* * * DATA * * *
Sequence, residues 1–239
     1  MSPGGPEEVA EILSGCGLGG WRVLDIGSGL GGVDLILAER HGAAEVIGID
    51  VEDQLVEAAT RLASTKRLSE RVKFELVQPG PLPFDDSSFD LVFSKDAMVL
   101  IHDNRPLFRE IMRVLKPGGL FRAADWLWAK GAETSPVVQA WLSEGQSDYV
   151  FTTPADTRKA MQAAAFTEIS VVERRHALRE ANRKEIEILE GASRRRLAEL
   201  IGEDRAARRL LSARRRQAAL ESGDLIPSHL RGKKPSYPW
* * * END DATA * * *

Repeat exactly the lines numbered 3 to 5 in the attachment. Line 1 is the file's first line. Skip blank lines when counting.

    51  VEDQLVEAAT RLASTKRLSE RVKFELVQPG PLPFDDSSFD LVFSKDAMVL
   101  IHDNRPLFRE IMRVLKPGGL FRAADWLWAK GAETSPVVQA WLSEGQSDYV
   151  FTTPADTRKA MQAAAFTEIS VVERRHALRE ANRKEIEILE GASRRRLAEL